Fraudsters are always looking for opportunities to target individuals and unfortunately, with the Covid-19 pandemic, they are finding new ways to do this such as impersonating financial advisors and encouraging investment into products that in fact, don’t exist.
Please therefore, be extra vigilant and take care if you receive emails, texts, calls or letters claiming to be from OakNorth Bank or a financial advisor. We will never ask you for your password, log-in details or PIN, and you can confirm what savings products we have on offer by visiting our savings page.
Keep your security information safe. You can refer to section 5 of our personal savings terms and conditions for more information.
1. Identity Theft
Identify theft happens when a fraudster has obtained enough information about someone’s identity (such as their name, date of birth, current or previous address) to commit identity fraud.
There are simple strategies to help protect your financial identity:
2. Cheque Fraud
Cheque fraud refers to criminal acts that involve making the unlawful use of cheques in order to illegally acquire or use funds that do not exist within the account balance or account-holder’s legal ownership.
3. Social Engineering Fraud
3.1 Cloned Websites
3.2 Phishing Scams
The term ‘Phishing’ is an action where fraudsters contact victims through emails, proposing to be someone from a trusted organization asking for personal and security information. OakNorth Bank will never ask you to transfer money to a ‘reserve account’, from your existing account or to open a new account. If you receive a phone call, email or other method of communication advising you to do so, always remember to take the time to ask yourself if the contact and request makes sense, act with care, and never share your personal or sensitive information. Be cautious about disclosing any personal information. Where in doubt contact the bank using trusted contact details.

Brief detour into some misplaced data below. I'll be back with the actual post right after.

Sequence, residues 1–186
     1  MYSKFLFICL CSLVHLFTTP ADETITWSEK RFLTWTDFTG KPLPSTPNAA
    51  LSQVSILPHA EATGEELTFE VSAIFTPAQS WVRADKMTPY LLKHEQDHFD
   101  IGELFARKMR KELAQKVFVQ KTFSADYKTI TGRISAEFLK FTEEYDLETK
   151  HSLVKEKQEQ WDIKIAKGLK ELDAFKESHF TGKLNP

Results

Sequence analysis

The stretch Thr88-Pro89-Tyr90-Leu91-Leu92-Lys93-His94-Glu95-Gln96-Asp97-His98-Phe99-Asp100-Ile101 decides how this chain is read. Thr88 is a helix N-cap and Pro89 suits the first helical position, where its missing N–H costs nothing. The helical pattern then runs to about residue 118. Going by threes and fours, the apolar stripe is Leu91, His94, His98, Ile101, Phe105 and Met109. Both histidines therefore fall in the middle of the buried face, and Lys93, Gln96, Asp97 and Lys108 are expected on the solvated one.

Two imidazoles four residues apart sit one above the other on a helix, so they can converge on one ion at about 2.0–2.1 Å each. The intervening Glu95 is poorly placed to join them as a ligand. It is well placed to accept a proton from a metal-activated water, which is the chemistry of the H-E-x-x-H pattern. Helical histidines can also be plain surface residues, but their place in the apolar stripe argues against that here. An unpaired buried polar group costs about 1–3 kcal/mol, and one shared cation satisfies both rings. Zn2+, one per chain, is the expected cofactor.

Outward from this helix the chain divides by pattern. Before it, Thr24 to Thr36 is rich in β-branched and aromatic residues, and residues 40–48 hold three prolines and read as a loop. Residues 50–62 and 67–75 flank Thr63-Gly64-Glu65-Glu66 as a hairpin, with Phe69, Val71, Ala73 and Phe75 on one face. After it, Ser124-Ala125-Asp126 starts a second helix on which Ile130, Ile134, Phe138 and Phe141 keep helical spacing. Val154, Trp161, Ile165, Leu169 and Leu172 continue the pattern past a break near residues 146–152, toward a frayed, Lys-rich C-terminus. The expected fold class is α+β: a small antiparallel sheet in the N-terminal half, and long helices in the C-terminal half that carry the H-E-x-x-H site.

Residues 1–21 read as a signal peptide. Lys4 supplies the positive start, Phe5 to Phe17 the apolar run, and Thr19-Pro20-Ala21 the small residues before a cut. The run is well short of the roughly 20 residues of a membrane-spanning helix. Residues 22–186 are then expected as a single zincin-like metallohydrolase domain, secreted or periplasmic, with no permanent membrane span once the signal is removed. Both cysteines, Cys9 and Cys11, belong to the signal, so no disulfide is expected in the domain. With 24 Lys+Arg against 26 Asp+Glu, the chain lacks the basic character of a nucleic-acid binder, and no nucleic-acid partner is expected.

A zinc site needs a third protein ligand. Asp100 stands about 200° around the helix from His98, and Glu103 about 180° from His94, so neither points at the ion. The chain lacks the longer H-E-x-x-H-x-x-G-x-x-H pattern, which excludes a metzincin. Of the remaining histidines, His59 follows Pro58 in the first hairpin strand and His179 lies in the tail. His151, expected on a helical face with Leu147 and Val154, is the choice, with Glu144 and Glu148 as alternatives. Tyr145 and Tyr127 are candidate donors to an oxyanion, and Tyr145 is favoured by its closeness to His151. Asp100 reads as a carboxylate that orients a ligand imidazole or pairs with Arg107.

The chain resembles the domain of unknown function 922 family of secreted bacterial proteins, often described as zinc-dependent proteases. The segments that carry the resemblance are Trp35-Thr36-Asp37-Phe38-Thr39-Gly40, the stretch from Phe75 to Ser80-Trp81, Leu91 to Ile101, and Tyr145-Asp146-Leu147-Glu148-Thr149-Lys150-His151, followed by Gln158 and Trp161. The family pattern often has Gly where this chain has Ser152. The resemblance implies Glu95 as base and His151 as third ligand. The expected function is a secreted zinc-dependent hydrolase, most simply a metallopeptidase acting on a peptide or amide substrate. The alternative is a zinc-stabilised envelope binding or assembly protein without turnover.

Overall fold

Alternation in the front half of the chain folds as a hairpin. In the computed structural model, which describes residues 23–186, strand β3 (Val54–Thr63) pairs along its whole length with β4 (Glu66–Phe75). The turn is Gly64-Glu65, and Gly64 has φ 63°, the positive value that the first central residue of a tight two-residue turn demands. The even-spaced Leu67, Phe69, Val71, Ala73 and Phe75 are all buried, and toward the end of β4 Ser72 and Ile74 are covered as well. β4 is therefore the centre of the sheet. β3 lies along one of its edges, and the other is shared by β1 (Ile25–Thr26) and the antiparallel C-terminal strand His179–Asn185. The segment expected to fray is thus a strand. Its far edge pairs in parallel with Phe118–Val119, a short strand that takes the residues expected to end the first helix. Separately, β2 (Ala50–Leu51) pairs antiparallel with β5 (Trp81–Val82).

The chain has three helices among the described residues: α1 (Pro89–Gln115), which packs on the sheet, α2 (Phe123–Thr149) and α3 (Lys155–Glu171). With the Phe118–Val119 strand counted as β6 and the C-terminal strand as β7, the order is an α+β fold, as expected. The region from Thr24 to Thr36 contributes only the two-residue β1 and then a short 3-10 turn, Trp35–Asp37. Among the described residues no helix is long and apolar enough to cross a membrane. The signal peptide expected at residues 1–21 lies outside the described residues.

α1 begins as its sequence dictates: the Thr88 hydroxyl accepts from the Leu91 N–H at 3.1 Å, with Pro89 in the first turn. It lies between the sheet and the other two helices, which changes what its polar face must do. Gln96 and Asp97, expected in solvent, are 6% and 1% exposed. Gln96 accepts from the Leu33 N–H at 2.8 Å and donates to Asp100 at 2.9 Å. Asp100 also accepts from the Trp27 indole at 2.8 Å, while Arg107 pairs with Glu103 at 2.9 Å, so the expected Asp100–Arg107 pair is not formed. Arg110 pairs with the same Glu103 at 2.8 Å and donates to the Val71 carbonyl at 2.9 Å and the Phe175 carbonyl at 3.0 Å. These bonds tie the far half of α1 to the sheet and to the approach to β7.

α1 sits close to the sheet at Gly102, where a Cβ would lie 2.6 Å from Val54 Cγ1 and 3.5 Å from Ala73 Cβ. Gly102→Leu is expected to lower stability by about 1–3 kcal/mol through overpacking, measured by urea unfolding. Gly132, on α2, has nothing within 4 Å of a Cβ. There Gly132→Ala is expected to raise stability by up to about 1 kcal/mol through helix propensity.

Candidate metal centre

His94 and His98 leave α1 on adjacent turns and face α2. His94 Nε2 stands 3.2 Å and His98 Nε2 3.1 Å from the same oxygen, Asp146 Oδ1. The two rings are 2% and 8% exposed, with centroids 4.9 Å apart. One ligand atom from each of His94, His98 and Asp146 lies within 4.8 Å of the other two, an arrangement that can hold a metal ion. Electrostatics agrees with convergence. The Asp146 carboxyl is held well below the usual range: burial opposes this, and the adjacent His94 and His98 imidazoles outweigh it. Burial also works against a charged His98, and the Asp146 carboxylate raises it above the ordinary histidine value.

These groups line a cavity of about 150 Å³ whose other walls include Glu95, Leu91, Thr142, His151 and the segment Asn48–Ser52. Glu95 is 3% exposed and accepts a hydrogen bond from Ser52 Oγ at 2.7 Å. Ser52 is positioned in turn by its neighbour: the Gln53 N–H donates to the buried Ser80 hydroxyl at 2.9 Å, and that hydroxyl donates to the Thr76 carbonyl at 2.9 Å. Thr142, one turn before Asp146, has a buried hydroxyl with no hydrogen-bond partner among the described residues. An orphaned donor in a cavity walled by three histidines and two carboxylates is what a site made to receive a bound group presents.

3.2 Vishing Scams
Vishing is the telephone version of phishing. These are unsolicited phone calls from fraudsters which will encourage you to give out your personal details, such as sensitive financial information.
3.4 Smishing Scam
Smishing is when a fraudster sends a text message pretending to be from your bank or a financial institution that you receive a service from or have an account with, to say there’s a problem, ask you for sensitive information and try to trick you into giving away your personal and security information.
4. Mobile Phones Scams
As smartphone technology continues to evolve, it also paves the way for an increasing number of mobile apps scams. These scams can cost their victims anywhere in the range of just a few pounds to their whole life savings. As using these devices becomes a more integral part of our daily lives, it’s important to be aware of ways to avoid mobile scams.
Get Familiar with Your Phone’s Security Settings
Simply becoming more knowledgeable about your phone, its operating system, its capabilities and vulnerabilities, along with the items on your bill, will make you less vulnerable to becoming a victim. All smartphones have security settings that can be adjusted and set to keep your personal information safe. iOS and Android have been paying special attention to their security settings and will have several ways to add further layers of security.
We will never ask you to send your personal passwords or security codes via email, text message or social media. If you receive a request for this information, or any other suspicious email, text message or contact on social media, please email us on [email protected].
We take fraud seriously and will always do our best to protect you!